Freeman began exploring lobotomy techniques in 1936 after reading about a treatment for depression being done in Portugal. Freeman expanded on the idea by drilling holes into the skull, then turned to a more "efficient" technique using long pins resembling ice picks. He conducted his first "ice pick" lobotomy in 1946, separating the thalamus from the frontal lobe of a frantic, suicidal woman. As he predicted, she became docile - but unresponsive.

As Freeman conducted more lobotomies, he advertised his dramatic results, promoting his technique as a 10-minute medical marvel. Nearly all his procedures included press coverage and before-and-after photo ops. In 1952, he made headlines by performing 25 lobotomies in a single day. Freeman soon enjoyed celebrity.

"He had a kind of perverse need to shock people," Elliot Valenstein, a neuroscientist at the University of Michigan, said in the documentary.

Dully's stepmother read about Freeman and scheduled a consultation about the boy's personality, which she called "unruly and defiant." After examining the boy, Freeman suggested a transorbital lobotomy. Dully was brought to Freeman's office on Dec. 16.

After rendering the child unconscious with electroshock therapy, Freeman inserted a stainless-steel ice pick underneath the upper lid of each eye, then tapped it with a rubber mallet until it broke through the socket wall. He then wiggled the rod back and forth to cut connections to the frontal lobe of the brain.

"But I didn't have a mental illness," Dully said. "What it was supposed to do, it didn't do at all."

While Dully said his lobotomy made little noticeable difference to him physically or mentally as he was growing up, it eventually had an impact on his life, including feelings of abandonment.

"I always felt that something was taken from me, that there was a piece missing because my life has never gone well," he said. "Some of my judgment is not good. I don't have the drive that a normal person has. I've had trouble almost all my life in almost anything I did: work, relationships, money. I wasted my whole life on this one issue. My whole life."

Freeman continued performing lobotomies long after the development of anti-psychotic drugs. His last procedure was in 1967 on a housewife named Helen Mortenson. The operation was traumatic - Mortenson died of a brain hemorrhage - and Freeman's license to practice medicine was revoked.

Before he died of cancer in 1972, Freeman spent his last years visiting his former patients, some of whom called him an amoral monster. Others had no idea who he was - or what he had done to them.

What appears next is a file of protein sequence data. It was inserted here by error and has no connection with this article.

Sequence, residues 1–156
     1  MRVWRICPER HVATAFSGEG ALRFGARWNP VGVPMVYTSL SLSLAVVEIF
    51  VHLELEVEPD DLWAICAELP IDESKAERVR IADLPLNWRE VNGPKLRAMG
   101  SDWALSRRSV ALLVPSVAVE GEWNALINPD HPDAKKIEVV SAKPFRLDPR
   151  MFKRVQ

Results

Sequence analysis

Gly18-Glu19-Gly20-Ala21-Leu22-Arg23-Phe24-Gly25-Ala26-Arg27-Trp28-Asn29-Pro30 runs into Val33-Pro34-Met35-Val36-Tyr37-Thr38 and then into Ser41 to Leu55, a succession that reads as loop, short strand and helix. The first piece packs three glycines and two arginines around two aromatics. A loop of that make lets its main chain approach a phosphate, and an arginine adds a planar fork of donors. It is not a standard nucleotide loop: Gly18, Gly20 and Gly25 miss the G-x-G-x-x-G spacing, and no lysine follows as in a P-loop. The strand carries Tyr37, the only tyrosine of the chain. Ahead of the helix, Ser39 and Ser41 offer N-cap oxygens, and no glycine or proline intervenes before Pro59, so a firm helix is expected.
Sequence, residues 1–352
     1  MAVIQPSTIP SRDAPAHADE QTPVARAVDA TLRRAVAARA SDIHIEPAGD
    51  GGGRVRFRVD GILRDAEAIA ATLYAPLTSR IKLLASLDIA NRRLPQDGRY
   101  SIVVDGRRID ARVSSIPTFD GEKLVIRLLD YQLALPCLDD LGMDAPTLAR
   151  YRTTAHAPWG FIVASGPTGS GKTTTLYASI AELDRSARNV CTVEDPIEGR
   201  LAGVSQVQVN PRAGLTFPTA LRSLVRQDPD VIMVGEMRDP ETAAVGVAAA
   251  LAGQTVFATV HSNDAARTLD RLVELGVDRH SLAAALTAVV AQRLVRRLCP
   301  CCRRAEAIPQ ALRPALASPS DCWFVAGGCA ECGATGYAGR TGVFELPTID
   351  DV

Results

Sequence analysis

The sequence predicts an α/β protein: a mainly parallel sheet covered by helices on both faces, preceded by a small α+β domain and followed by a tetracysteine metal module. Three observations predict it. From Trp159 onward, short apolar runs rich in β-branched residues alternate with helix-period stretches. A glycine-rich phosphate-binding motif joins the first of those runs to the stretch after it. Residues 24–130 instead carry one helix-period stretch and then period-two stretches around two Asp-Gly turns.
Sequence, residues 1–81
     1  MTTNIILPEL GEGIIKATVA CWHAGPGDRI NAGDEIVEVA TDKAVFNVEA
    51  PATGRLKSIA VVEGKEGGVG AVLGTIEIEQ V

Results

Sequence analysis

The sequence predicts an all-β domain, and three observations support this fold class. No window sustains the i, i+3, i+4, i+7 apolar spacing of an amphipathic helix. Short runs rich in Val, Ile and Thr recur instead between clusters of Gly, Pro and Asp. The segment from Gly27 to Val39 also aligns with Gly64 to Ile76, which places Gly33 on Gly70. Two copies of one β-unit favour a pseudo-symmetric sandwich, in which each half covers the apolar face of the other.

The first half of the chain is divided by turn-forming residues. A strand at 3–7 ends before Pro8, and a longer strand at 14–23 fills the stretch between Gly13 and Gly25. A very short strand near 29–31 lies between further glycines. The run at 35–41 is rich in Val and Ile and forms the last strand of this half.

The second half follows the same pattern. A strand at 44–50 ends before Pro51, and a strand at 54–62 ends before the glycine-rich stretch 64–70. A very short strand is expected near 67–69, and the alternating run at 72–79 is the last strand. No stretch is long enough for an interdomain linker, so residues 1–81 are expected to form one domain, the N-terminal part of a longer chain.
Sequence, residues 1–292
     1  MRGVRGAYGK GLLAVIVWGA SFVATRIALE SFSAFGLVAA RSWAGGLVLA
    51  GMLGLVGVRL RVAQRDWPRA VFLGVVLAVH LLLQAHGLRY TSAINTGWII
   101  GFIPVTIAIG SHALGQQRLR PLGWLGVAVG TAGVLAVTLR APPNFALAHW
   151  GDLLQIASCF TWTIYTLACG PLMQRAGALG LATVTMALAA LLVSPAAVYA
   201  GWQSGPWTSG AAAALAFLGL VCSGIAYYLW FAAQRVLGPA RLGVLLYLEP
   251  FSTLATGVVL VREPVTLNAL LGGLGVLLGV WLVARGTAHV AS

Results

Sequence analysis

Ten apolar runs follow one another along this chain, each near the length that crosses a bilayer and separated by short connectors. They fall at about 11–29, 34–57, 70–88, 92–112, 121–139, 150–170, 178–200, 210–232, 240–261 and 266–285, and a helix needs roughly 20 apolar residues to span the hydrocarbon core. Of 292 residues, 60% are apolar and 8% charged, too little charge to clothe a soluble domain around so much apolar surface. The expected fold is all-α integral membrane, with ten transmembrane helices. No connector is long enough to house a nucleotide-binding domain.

Dully's story, as well as the career of Freeman, are the focus of the "American Experience" documentary, "The Lobotomist," airing tonight on PBS. The special addresses a dark chapter in modern American medicine and underscores the parallel between ambition and compassion.

"What amazes me about all this is the medical community didn't have any oversight" on Freeman's work, Dully said. "It wasn't done in an operating room. They gave you electroshock beforehand, then Freeman took the ice picks out of his pocket. They weren't even sterilized."


The Lobotomist

WHAT: An "American Experience" documentary

WHEN: 10 tonight

WHERE: WEDU Channel 3


Reporter Kurt Loft can be reached at (813) 259-7570 or

Howard Dully can be reached at (408) 677-4910 or

Howard Dully

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Howard Dully was, at 12 years of age, one of the youngest recipients of the transorbital or "ice-pick" lobotomy. This was a radical treatment for mental illness devised and performed by neurologist Walter Freeman. Freeman believed that mental illness could be cured by severing the prefrontal cortex, the part of the brain that he believed was the cause of overactive emotions.

Dully has taken over 40 years to recover from the surgery; he was institutionalized, incarcerated, and was eventually homeless and an alcoholic. After sobering up and getting a college degree in Computer Information Systems, he became a State Certified Behind the Wheel Instructor for a school bus company in San Jose, California. In his 50s, he started to research what had happened to him as a child, speaking with his family, relatives of other lobotomy patients, and relatives of Dr. Freeman, and gaining access to Freeman's archives.

Dully has written a book about his experience called My Lobotomy, with the assistance of journalist Charles Fleming.

The industrial rock band Filter chose to have one of Howard's childhood photos placed on the cover of their 1995 debut album, Short Bus.